(i)Identifying
the problems and the policy issues

What is the pro-poor ICT access issue to be addressed? Why is it important and
to whom? This may have been highlighted through research, expressed as a demand
by grassroots organisations, or it may have a normative basis, for example, it
has been identified by comparison with good practice elsewhere. Does this
problem have a policy dimension? What current policies reinforce the problem?
What changes in policies could lead to improvement? Who is responsible for
those policies?
(ii)Defining
the advocacy goal

It can be helpful, at the preliminary stage, to define the goal of the proposed
advocacy initiative. What positive change can be expected to result if the
initiative is successful? Is the initiative intended to improve access to
information, to promote dialogue, or to strengthen voice and influence? Or will
it contribute to all of these things? Or to broader development goals? Who will
be the primary beneficiaries of the initiative?
(iii)Consulting
and building relationships

Building relationships is intrinsic to any successful advocacy effort and
should also commence at an early stage. Before engaging in detailed policy
analysis and planning it can be important to consult with other organisations,
especially those which share similar goals and interests. Has any similar
initiative been tried before? If so, what were the results? Is anything similar
being considered or planned? Are there opportunities to build a
partnership-based approach from the outset?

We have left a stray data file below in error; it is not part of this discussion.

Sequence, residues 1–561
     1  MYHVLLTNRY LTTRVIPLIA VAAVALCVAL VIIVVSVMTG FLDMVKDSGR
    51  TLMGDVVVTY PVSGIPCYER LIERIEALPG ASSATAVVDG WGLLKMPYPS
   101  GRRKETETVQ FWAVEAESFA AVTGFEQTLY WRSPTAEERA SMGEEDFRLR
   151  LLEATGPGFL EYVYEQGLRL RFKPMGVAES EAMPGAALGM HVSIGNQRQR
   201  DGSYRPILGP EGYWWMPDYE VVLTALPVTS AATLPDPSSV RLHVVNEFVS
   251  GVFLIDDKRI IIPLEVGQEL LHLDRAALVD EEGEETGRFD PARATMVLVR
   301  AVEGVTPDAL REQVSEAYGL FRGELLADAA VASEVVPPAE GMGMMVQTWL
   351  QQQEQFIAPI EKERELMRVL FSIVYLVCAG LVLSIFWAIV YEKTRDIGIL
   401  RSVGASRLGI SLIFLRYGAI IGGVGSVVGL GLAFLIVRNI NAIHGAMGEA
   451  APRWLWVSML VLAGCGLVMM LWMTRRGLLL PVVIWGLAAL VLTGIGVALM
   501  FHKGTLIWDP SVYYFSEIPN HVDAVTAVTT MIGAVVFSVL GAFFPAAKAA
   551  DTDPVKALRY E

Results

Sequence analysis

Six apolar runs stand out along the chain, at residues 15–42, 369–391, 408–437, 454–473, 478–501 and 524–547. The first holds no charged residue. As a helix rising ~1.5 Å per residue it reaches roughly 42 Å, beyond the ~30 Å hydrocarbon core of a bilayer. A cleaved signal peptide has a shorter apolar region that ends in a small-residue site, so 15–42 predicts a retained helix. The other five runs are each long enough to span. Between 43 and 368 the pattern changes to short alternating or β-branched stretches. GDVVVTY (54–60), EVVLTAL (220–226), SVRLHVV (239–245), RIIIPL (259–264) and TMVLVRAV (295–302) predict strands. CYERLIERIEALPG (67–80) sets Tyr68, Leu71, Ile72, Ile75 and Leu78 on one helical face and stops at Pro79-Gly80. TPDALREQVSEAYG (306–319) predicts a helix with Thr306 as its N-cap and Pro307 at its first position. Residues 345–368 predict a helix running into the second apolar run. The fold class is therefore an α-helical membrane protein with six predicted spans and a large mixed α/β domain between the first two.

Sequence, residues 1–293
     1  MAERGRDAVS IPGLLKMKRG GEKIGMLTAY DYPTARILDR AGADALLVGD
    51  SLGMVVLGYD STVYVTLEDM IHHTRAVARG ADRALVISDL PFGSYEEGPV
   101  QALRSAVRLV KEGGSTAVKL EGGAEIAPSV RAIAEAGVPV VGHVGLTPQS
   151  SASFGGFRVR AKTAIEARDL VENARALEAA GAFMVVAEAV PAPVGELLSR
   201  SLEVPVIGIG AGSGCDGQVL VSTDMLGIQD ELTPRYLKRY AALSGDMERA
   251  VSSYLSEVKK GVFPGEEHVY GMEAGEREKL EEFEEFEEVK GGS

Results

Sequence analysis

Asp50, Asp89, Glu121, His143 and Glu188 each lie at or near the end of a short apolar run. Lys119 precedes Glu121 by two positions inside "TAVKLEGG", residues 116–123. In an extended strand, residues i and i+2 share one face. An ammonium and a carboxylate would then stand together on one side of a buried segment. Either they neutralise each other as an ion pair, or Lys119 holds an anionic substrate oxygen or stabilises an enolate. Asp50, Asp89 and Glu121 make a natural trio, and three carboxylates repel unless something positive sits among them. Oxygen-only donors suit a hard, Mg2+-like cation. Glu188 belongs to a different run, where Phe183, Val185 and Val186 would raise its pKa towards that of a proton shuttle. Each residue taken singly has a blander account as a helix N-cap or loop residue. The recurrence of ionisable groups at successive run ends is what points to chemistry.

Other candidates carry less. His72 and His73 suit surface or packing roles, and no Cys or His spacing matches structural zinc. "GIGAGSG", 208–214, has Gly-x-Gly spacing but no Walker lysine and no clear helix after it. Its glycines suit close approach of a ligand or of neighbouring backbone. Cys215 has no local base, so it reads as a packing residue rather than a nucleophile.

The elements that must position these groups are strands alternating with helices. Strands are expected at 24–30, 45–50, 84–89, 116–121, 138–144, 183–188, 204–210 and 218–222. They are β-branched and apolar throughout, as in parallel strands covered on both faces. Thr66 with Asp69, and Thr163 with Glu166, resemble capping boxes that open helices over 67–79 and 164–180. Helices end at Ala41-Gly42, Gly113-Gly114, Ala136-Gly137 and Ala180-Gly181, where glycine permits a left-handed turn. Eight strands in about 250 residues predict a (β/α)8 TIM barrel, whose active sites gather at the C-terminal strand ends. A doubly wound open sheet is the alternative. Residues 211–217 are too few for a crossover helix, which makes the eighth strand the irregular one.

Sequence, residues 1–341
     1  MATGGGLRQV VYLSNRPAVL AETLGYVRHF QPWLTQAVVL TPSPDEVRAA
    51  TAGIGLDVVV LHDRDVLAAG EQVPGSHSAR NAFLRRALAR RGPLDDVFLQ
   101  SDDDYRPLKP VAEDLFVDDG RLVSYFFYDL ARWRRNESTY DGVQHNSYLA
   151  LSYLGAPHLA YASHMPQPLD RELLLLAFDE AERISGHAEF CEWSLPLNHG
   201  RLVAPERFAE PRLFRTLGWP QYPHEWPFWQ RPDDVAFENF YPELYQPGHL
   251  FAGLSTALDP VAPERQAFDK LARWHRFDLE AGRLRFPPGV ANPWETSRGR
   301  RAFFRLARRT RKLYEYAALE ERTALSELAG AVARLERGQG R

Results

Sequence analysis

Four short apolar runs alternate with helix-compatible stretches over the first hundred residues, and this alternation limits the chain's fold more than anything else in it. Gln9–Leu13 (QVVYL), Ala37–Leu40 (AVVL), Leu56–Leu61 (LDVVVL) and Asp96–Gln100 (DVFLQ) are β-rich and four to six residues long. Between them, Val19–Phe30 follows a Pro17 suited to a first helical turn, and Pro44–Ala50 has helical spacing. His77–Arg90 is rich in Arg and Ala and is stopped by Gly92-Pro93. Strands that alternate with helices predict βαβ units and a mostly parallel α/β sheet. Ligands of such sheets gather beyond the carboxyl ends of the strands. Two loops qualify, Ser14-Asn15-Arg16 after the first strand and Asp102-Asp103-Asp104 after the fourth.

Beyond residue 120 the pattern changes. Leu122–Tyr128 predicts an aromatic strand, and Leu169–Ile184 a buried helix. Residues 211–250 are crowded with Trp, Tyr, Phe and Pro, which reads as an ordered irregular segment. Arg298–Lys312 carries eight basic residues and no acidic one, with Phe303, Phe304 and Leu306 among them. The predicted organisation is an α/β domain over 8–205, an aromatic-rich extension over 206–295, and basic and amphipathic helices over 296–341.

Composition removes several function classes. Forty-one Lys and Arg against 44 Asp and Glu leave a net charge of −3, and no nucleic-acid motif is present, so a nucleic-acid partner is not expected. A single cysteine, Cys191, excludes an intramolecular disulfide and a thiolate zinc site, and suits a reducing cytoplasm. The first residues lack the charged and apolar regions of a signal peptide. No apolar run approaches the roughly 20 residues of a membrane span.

(iv)Establishing
credibility as an advocate

The credibility of the organisation, partnership or coalition that is
advocating change is likely to be a key factor in its success. Does it have a
mandate to speak on behalf of those who are expected to benefit? Does it have
specialist expertise? Does it have influence with decision makers? What could
be done to strengthen the credibility of the initiative – for example, further
research and consultation, better alliances?
B.  
 Analysing the policy environment
(i)Identifying
relevant policies, laws and regulations

Having decided, in principle, to consider advocacy as a strategy to achieve
pro-poor ICT access and having undertaken some preliminary work to define the
advocacy goals, the next stage involves closer analysis of the policy
environment, starting with an audit of the relevant policies and political
institutions. What policies are already in place (for example, national
e-strategies, e-government, media development, digital divide initiatives)? How
are these reflected, or not, in current laws and regulations? It is important
also to be aware of relevant international treaty obligations, laws and
standards.
(ii)Mapping
relations of power and decision making

Where are policy decisions taken and who has influence over them? For example,
is the focus on government policy and, if so, which ministries and departments
are responsible? What other ministries have an interest in the impact of the
current or proposed policies, for example, rural development, education? Are
there other public bodies with relevant influence or responsibility, such as a
communications regulator or a national media council? What about the
legislature or parliament – are there interest groups in the policy area? Can
support be usefully mobilised across different political parties? Who else has
influence over the key political decision makers?
(iii)Considering
the options for policy change

Would a change in policy alone be sufficient to achieve the advocacy goal? Or
might the proposed policy change also require legal and/or regulatory change?
What about the economic impact – are there taxation or public spending